I never let an opportunity go to waste. While I sat in the eye of Hurricane Idalia, I saw plenty of opportunities to test gear. I tested boots, chest rigs, flashlights, and one of the handiest tools I had, the Montana Knife Company Hellgate Hatchet. The Hellgate Hatchet was released only recently, and the hurricane gave me plenty of opportunities to give it a trial by fire.
MKC, or Montana Knife Company, is a small American-owned business that is owned and operated by one of the most talented bladesmiths in the industry. This small company has developed a dedicated following due to its useful designs and extremely well-made blades. The Hellgate is their first Hatchet, and oh boy, did it become an instant success. I’m pretty sure it’s still sold out at the time of this writing.
The Hellgate is designed to be compact and easily carried but also made for heavy-duty use. It’s supposed to punch above it’s weight. That weight is only 14.9 ounces. It’s a little longer than 10 inches overall. The Hatchet is made from 52100 ball-bearing steel, which, according to knife nerds, is a very rugged steel. It doesn’t chip or break easily, and it can get quite sharp.
The blade is capped with a modern polymer sheath complete with a modular option for carrying it in all different manners. The handles are G10 scales and come in a variety of shapes and sizes.
Raising Hell With the Hellgate
My home survived the hurricane without issue. I was very lucky to only have the power go out. I’m not complaining, but I did have a few dozen trees down and hundreds of limbs across my yard of all sizes. When it came time to clean up, chainsaws and tractors were used. However, I did use several of the downed trees as cutting fodder for the Hellgate.
When you’re given the perfect opportunity to test a chopping tool, you get at it. The first thing you realize about the Hellgate is how lightweight it is. It feels more like a hammer than a hatchet. In fact, the grip and angle are more hammer-like than Hatchet. It swings easily with a single hand.
That’s great for when the other hand needs to get things done. The blade takes not only bites out of the wood but also chomps. Big swings took big bites. Since the Hellgate is so light and balanced, I could take quick swings without getting tired and cut through the limbs quickly. It was crazy how fast I could swing and cut through some decently thick branches. I made several that were too heavy to move into more manageable pieces.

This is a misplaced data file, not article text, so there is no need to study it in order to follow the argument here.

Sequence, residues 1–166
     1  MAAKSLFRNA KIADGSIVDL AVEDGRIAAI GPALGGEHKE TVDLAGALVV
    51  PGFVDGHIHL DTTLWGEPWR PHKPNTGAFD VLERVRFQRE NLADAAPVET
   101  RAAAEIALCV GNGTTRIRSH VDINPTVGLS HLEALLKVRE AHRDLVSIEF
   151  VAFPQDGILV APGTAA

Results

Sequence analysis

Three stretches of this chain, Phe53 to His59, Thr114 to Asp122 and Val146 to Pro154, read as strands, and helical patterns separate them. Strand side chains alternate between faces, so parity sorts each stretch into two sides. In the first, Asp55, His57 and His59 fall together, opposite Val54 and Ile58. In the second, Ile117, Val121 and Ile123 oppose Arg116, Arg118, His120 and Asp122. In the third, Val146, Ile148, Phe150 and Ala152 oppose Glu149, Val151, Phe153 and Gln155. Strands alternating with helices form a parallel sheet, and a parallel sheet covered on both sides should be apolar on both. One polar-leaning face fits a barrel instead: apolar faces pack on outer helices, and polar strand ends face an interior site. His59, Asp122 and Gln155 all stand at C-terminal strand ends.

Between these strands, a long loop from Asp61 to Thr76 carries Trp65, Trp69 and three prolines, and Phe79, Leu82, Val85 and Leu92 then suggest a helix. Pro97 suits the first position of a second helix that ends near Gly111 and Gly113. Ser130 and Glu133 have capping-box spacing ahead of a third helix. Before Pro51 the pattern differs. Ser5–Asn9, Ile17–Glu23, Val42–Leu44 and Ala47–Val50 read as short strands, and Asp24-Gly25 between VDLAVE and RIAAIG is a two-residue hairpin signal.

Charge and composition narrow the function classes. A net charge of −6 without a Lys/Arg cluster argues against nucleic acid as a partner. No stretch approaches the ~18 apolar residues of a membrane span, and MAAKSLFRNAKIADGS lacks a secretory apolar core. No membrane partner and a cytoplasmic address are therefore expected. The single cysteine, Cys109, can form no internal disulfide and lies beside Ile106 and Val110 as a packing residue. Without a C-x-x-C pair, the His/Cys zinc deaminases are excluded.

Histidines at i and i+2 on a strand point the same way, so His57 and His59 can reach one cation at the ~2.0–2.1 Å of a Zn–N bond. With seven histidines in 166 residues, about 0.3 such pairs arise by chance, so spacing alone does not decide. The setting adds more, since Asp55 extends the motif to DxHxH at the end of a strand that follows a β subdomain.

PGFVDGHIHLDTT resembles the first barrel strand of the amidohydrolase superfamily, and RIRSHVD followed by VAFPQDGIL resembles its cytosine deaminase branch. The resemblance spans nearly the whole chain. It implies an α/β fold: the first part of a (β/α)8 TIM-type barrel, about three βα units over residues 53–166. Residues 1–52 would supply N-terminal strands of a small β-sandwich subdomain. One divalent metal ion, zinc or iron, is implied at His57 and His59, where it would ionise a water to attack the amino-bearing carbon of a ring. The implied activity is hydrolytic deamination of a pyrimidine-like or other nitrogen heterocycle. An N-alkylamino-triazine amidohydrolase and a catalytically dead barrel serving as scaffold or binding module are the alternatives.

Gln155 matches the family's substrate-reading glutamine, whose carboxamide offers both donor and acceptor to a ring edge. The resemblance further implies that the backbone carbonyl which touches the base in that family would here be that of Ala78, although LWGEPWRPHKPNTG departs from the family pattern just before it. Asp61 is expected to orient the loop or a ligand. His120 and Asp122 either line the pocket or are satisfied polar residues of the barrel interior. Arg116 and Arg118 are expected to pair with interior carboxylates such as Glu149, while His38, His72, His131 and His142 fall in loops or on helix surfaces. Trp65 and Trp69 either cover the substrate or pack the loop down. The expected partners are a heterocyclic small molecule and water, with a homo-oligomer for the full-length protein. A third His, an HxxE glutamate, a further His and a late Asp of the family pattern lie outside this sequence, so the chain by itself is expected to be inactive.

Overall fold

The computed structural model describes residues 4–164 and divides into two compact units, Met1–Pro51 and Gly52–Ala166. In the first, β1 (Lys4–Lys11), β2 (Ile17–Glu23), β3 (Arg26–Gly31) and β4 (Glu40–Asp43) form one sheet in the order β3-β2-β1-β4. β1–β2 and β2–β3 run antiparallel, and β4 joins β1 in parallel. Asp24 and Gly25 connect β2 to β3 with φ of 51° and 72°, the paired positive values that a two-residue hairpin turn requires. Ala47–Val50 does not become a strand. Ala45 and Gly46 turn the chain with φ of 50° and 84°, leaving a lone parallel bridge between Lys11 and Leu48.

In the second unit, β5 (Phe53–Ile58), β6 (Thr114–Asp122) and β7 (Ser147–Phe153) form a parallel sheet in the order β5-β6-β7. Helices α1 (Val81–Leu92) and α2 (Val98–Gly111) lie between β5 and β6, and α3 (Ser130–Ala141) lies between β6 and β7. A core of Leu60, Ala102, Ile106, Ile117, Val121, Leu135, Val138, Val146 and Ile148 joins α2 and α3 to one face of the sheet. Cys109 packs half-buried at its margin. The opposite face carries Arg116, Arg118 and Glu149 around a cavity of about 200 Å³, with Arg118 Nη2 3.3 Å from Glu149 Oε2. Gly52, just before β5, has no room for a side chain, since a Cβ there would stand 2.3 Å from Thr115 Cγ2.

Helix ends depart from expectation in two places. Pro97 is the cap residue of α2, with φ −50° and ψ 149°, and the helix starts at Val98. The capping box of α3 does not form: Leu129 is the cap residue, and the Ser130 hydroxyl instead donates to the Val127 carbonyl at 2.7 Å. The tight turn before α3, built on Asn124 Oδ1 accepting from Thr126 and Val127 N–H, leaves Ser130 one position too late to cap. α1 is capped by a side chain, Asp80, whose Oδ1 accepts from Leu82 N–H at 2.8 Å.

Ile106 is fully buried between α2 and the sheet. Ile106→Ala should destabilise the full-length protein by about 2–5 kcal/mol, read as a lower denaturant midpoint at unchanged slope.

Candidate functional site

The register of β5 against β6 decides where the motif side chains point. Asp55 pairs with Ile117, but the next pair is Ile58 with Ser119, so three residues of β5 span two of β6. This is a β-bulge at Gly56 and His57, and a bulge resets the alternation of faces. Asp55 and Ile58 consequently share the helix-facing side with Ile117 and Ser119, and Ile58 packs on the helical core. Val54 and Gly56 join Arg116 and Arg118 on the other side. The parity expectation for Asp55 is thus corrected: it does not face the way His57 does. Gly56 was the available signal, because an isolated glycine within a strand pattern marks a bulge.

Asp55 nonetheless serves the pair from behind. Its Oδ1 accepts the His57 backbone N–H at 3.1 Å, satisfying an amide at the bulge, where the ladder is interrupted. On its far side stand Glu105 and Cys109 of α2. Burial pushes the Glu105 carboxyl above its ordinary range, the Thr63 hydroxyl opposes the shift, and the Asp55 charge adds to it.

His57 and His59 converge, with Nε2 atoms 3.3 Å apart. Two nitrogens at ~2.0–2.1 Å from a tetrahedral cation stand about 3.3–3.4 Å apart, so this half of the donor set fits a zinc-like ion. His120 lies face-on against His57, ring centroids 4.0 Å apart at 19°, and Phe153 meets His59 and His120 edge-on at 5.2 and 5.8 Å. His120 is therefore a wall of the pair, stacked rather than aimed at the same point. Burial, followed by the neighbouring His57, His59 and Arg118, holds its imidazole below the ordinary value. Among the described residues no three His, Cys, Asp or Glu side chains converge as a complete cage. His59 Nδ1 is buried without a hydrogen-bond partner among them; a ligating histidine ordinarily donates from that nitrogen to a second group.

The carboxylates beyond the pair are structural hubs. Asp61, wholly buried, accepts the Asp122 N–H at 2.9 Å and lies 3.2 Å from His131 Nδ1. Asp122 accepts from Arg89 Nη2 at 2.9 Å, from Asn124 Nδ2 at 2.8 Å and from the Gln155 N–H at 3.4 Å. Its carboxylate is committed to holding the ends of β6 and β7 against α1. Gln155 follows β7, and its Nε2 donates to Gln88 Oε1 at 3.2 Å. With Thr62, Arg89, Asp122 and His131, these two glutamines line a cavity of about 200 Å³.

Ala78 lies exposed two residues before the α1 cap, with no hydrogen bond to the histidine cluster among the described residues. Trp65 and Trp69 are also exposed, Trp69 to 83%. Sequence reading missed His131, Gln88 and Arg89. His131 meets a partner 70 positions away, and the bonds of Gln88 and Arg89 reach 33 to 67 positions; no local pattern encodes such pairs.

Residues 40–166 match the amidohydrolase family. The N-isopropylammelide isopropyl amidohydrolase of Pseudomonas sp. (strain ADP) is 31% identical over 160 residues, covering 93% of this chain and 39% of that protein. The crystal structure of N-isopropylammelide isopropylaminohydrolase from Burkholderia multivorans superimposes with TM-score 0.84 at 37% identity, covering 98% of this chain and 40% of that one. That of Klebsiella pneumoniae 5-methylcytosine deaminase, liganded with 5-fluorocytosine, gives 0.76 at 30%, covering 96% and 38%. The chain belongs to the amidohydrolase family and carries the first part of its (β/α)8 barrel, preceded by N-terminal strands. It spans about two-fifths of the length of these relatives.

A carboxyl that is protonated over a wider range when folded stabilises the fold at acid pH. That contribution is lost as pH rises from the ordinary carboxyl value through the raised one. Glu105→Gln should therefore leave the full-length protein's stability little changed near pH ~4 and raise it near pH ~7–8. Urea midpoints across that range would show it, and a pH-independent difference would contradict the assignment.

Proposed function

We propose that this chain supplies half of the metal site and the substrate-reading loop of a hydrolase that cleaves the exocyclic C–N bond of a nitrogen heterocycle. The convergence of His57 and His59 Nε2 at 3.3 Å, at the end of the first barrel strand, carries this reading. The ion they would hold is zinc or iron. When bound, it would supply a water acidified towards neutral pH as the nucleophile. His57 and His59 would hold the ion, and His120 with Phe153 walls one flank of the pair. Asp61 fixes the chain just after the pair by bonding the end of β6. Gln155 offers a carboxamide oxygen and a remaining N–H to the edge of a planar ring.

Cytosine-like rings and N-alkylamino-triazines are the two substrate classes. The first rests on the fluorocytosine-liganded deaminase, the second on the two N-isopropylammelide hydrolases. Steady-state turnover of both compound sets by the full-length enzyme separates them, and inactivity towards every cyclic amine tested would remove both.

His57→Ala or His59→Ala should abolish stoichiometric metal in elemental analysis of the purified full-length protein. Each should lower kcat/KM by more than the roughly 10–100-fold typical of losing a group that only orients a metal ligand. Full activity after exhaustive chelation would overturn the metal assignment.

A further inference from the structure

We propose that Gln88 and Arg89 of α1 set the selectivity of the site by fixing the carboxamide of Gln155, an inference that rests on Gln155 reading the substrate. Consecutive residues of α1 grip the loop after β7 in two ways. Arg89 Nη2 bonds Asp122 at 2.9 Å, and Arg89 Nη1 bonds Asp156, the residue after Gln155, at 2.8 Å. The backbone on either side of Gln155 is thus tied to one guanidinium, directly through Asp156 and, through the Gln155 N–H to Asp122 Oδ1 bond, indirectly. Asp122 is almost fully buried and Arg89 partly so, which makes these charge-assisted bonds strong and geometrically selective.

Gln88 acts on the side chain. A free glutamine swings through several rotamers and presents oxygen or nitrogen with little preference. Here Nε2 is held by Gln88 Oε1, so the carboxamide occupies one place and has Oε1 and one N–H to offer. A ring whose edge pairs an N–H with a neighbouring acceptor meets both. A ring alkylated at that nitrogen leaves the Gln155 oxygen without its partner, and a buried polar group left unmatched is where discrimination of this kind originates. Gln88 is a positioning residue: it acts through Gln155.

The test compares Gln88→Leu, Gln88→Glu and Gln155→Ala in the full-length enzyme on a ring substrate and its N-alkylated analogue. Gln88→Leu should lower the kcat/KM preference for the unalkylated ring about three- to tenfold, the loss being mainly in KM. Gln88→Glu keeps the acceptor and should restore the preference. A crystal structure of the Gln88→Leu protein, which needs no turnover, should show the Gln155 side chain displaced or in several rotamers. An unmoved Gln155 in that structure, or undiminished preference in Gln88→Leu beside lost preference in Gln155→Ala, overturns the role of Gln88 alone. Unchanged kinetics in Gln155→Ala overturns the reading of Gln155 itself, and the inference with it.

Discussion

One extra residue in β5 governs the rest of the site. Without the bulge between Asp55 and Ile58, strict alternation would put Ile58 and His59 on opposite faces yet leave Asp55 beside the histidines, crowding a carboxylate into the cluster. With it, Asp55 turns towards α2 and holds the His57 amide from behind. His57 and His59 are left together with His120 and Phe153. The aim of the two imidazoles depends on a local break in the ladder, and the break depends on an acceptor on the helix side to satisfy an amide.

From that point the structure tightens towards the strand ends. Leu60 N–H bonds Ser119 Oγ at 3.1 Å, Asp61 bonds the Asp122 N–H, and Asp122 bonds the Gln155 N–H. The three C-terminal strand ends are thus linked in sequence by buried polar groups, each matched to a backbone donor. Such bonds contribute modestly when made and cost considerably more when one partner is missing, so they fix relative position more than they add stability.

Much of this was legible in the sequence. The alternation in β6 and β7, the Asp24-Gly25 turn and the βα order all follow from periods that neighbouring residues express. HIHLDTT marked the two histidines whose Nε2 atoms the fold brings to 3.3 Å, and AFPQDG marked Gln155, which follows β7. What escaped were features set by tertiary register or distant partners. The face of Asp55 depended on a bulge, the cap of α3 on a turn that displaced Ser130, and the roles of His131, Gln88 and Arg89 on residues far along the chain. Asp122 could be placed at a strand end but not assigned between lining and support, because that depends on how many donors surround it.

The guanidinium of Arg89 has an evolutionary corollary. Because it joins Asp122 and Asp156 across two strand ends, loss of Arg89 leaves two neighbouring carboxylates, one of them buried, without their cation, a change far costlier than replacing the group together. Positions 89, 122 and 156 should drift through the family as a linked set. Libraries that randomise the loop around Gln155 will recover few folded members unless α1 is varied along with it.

My hand got tired well before the rest of me. It really was more of an issue with grip strength than the Hatchet. Chopping big things with a little hatchet isn’t easy, regardless of how nice the Hatchet is. My forearm became numb, but my hands never hurt or blistered when using the Hatchet. My grip also never slipped, even though it’s Florida and in the summer.
Packing a Piece of Steel
This is a nontypical use for a hatchet. You’d typically want a heavier tool for this kind of work. However, it worked fairly well for its small size. Given the choice, I’d take the power tool or full-sized axe, but it proved what the Hellgate could do.
I have used the Hatchet to trick broken limbs, split wood for the pile, and perform similar tasks, and it performed perfectly. That’s the work something like this is more accustomed to. It’s bow season, so hitting the field and trimming spots for a tree stand has been on the list. The Hellgate’s lightweight design and easy-swinging nature made it easy for me to hold onto the tree and swing it above my head and effectively clear a good spot to sit in my stand.
The Hellgate Hatchet was super easy to tote while walking. I hooked it up to my Skyweight chest rig, which is basically a fanny pack for your chest. The lightweight design and actively secured buckle kept it in place and gave me a hatchet that was easy to access without being stuck to my waist.
Like many young men, I read the book Hatchet and longed for my own adventure and sharp mini ax. I have the Hatchet. Now, I need to find the adventure. The Hellgate is plenty suited for any variety of adventures. Primitive and standard camping, fishing, hunting, and even yard work. It’s light, well-made, and scary sharp. It’s a premium-grade tool, and if you want one, I’d sign up for in-stock notifications from MKC.